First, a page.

Chiefs' Safety Eric Berry's status uncertain for opener
2:08 PM, Sep 5, 2018
5:06 PM, Sep 6, 2018
KANSAS CITY, Mo. — The Kansas City Chiefs headed into training camp in late July content with a pair of veterans in Daniel Sorensen and Eric Berry as their starting safeties.
Now, there's a good chance neither will start in their season opener Sunday.
Sorensen broke a bone in his lower leg during training camp and had surgery about a month ago, and is starting the season on injured reserve. Berry has been dealing with a heel injury that not only kept him out most of training camp but sidelined him during practice on Wednesday and Thursday.
The exact nature of his injury hasn't been disclosed, but Chiefs trainer Rick Burkholder put a positive spin on it Wednesday by saying the five-time Pro Bowl selection is "getting better every day."
"We'll see if he can practice and we'll just go from there," Chiefs coach Andy Reid said. "I want to see what he's got, if and when he does that. But then I'll make the decision, what I see there."
Berry may be the only player on the entire Chiefs roster who could conceivably play without having practiced in a month. But even for him, Reid conceded, that would be asking a bit much, especially with the season opener coming on the road against Philip Rivers and the Los Angeles Chargers.
"If he doesn't practice today, which he's not, we go with the next man up and they roll. That's how we go," Reid said. "We're used to that here, just philosophically, at all positions."
So instead of having a pair of veteran starters in Sorensen and Berry, the Chiefs are poised to start Ron Parker — who was cut by the Falcons last week and re-signed with Kansas City over the weekend — and either Eric Murray or fourth-round draft pick Armani Watts.
Parker spent the past four seasons with the Chiefs before signing with Atlanta as a free agent, so he's at least familiar with defensive coordinator Bob Sutton's scheme. But he admitted it's a challenge to get up to speed in such a compressed timeframe for a division rival.
"I'm just preparing myself like I do any other time. Whatever the coaches ask, whatever they need," he said. "I feel like especially being in Bob's system and knowing what's going on, that's going to maximize my abilities. That's the good thing coming back to Kansas City."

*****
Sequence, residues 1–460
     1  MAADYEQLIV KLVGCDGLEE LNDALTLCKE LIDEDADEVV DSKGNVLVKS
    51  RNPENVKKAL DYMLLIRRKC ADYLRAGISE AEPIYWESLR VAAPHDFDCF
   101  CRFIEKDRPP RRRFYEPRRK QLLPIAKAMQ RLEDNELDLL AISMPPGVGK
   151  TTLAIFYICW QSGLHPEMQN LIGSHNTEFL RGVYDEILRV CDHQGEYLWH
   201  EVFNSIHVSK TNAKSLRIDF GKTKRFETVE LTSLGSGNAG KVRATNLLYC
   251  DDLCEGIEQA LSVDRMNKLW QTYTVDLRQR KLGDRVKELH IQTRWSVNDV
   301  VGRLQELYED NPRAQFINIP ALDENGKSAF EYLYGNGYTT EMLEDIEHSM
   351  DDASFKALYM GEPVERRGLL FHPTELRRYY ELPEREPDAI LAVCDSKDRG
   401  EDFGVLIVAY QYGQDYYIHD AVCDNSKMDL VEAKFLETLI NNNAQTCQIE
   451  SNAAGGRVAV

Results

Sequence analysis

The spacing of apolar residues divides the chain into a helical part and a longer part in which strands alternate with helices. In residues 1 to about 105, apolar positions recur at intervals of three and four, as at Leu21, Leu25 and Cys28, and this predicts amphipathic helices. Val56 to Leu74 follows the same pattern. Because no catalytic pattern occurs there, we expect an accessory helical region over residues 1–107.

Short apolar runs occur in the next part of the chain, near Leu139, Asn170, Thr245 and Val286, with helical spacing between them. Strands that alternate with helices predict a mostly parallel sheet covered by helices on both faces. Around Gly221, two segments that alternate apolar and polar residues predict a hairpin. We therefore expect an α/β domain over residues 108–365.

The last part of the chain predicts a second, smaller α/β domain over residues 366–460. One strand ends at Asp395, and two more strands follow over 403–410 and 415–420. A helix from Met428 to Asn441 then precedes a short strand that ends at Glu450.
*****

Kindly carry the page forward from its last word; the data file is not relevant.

Parker played well his first three seasons with the Chiefs but appeared to take a step back last year, and that's part of why he was released. He said a high ankle injury sustained in training camp played a part in that, and that he's glad to begin a season healthy again.
He just hopes it will be with Berry by his side.
"I've been playing with Eric," Parker said, "so I can just look over there and I don't have to say a thing. We know what each other is doing. With the other guys, we have to communicate with each other, of course. But everything is coming together."
Murray has appeared in 30 games over his first two seasons, starting twice, so he at least lends a bit of experience to the defensive backfield. Watts showed flashes in the preseason — he picked off two passes in the finale against Green Bay — but hasn't been in the regular-season fire.
It speaks volumes that Parker, who just rejoined the team, already has been peppered with questions by the rest of the young guys in the defensive backs room.
"It's difficult," he said, "but the trust those guys have in me, and the trust I have in those guys, everything will take care of itself. We'll handle our business."
NOTES: WR Byron Pringle, who hurt his hamstring in the Chiefs' preseason finale and was put on injured reserve, had an MRI exam that also revealed a hernia. Burkholder said the rookie underwent surgery Tuesday. "He has an extended recovery ahead of him, and in the meantime the hamstring will heal," Burkholder said. ... Burkholder said Sorensen continues to do rehab work in the pool, but it will be a couple more weeks before the Chiefs have a timetable for his return. "He's where he's supposed to be right now," Burkholder said.
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